The department of culture has regained possession of a precious 16th century painting which had made up part of the pre-war Wrocław museum collection. “The History of Apollo and Daphne” painted in 1592 by Abraham Bloemaert – according to the mythological scene described by Ovid – was officially handed over by the Deputy Minister for Culture and National Heritage Jarosław Sellin to the National Museum in Wrocław on 21 June 2019. This is the first ever case when a work of art constituting part of Polish war losses has been recovered following a favourable court ruling.
Deputy Minister Jarosław Sellin pointed out the complicated fate of the returned painting whose history combines many significant strands illustrating the turbulent paths of the pursued historical artefacts, and the complexity of the process of the restitution of Polish war losses.
– This valuable work was returned to the State Treasury following some years of legal proceedings, which is undoubtedly one of the most testing and complex paths of restitution. It is particularly worth stressing that this is the first successfully concluded court cases whose subject was a work of art constituting part of Polish war losses – commented the Deputy Minister.
Jarosław Sellin also stressed the fact that the Ministry of Culture and National Heritage is continuously involved in the effort to trace lost works of art and return them to their rightful place.
– The return of this artefact to its original location has been achieved owing to the work and commitment of many persons. I would like to express my sincere appreciation to Piotr Oszczanowski for drawing the Ministry’s attention to this matter and for his contribution to tracing many other artefacts which constituted part of Wrocław’s war losses – said the Minister, addressing the Director of the National Museum in Wrocław.
– We have just witnessed the return of one of the most valuable paintings that had ever been part of the pre-war museum collections in Wrocław – said Director Oszczanowski. – It would be difficult to name a more Mannerist composition, a more sophisticated way of painting, a more refined play of light and shade, and a more exciting story of divine weaknesses. All of these are present in this painting, the flagship work representative of the entire late Netherlandish Mannerism, and which had seemed to be irretrievably lost. The galleries in the National Museum in Wrocław already display works by leading European artists of the modern era such as Cranach, Tintoretto, Bronzino, Floris, Spranger, Jordaens, Teniers, Zurbarán, Breughel and Chardin, and from today they are joined by this fascinating picture painted by Bloemaert. This only adds to my profound gratitude to the Ministry of Culture and National Heritage, expressed in the form of thanks given to Deputy Minister Jarosław Sellin who is present here today – for all the effort and effectiveness of the undertaking to restore the possession of the painting to our Museum.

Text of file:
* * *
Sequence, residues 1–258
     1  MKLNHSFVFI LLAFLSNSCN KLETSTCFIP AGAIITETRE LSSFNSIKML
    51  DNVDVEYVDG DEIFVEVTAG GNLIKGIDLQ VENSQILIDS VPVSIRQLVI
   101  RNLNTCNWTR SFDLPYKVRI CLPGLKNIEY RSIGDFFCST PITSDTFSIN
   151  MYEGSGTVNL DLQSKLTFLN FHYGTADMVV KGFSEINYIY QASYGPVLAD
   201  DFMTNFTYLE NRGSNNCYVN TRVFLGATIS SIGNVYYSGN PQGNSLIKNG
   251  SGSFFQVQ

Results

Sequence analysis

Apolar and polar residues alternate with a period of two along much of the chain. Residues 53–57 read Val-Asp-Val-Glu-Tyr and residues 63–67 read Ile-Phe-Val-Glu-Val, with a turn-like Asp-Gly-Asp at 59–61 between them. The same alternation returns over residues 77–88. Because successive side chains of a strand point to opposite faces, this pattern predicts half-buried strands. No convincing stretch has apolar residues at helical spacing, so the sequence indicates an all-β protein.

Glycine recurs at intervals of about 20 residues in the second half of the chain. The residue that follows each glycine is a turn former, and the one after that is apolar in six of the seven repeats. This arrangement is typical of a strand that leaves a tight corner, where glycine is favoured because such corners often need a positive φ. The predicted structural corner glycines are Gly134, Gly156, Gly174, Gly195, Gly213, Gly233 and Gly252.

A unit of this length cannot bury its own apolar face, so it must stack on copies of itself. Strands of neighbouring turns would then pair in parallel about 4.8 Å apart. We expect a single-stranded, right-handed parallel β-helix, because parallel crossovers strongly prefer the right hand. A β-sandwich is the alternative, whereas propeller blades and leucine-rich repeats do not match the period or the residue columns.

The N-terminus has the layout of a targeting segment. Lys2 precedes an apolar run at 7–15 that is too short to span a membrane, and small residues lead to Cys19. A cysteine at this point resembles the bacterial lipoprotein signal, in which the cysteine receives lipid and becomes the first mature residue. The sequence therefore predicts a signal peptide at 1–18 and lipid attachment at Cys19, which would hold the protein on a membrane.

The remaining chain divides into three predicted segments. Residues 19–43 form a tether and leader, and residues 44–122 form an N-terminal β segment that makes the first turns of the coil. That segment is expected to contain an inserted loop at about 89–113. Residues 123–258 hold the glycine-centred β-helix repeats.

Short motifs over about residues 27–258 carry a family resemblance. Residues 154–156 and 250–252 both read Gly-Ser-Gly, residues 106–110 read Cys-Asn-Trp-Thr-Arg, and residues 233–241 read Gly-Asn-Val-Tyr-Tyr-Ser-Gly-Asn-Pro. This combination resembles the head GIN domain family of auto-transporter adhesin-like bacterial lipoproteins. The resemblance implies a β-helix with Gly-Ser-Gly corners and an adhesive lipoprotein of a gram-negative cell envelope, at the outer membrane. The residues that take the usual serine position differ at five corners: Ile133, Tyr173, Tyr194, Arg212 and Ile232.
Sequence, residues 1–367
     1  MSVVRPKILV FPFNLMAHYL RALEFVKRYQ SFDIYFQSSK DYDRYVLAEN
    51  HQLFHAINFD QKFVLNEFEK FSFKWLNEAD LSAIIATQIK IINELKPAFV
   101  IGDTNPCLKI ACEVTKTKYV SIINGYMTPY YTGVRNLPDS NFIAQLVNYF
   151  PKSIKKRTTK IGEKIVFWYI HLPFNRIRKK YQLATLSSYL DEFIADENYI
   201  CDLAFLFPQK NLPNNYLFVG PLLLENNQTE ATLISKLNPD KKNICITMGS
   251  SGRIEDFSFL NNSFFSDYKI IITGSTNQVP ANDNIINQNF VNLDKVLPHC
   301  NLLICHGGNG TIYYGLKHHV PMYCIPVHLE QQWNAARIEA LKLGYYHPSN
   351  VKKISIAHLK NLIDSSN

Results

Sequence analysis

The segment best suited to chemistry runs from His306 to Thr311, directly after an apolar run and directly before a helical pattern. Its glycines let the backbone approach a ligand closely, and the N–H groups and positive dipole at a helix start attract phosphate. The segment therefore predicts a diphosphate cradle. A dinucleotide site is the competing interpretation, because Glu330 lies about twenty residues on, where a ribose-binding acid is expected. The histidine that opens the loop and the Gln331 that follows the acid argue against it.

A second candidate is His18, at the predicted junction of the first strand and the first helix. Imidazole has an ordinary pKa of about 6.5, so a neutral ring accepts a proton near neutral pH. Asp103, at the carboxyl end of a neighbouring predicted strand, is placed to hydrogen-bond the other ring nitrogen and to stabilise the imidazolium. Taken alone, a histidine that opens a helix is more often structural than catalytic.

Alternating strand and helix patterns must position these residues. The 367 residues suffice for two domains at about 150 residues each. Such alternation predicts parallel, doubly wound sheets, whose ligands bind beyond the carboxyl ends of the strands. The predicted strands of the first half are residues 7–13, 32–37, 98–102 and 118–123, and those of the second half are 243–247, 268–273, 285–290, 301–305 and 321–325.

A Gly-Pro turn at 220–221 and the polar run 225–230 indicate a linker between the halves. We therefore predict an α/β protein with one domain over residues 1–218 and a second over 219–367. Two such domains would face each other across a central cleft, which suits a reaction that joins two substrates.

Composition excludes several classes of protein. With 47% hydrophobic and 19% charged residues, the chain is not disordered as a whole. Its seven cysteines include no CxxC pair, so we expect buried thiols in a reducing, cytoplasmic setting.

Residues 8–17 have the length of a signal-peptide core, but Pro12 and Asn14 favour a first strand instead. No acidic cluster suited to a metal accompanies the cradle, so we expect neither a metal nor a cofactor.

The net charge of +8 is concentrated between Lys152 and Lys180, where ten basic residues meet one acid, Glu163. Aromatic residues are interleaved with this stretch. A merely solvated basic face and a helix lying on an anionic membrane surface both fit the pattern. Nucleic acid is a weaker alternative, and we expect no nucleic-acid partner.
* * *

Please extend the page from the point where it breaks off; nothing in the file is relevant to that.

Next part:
Foto Arkadiusz Podstawka
History of the painting
The picture, painted by Abraham Bloemaert, remained in the collection of the Silesian Museum of Fine Arts in Wrocław ( then Breslau) up to the start of the Second World War. The painting was originally gifted in 1874 to the local Commission for Museum Affairs and Academia by the local councillor Kern on condition of transferring it to the then planned museum of art which in fact took place in 1877. For the following 65 years the picture was the centerpiece of the Museum’s collection of European painting. In June 1942, together with the other artefacts, it was put into safe-keeping in the museum depository located in the church of the Cistersian Abbey in Kamieniec Ząbkowicki, where happily it survived the war and remained until the end of 1945. At that time parts of the collections were dispersed, destroyed and looted by soldiers of the Red Army, while others were stolen. The fate of “Apollo and Daphne” remained unknown until 2009 when an offer to sell the painting was made to the National Museum in Wrocław. The negotiations carried out with the then owner of the canvas did not produce any results, therefore the Ministry of Culture decided to initiate the court proceedings which finally came to a successful outcome this year. This is the first of its kind court trial won regarding a work of art constituting part of the Polish war losses.
The historical context
Most of the works of art lost as a result of the Second World War did not make their way abroad but remained in Poland, and they are rediscovered here after many years. As the outcome of the international treaties signed following the end of the war and the resulting changes of its national borders, Poland was awarded the legal rights to the cultural heritage located in public collections in the territories which previously had not belonged to the Polish state. Thus the war losses borne by the public collections in Wrocław, Szczecin and Gdańsk constitute Polish war losses.
The recovered works of art from the Wrocław collection
This painting is not the first case of Wrocław war losses recovered by the Ministry of Culture and National Heritage. In recent years the National Museum in Wrocław, owing to the effort of the Ministry in collaboration with organs of the law, has regained the possession of: the miniature by Lizinka de Mirbel “Portrait of a Lady”, the painting by Robert Śliwiński “The Street with Castle Ruins”, and “Via Cassia near Rome” by Oswald Achenbach. Other lost works of art from the pre-war public collections in Wrocław are still being pursued.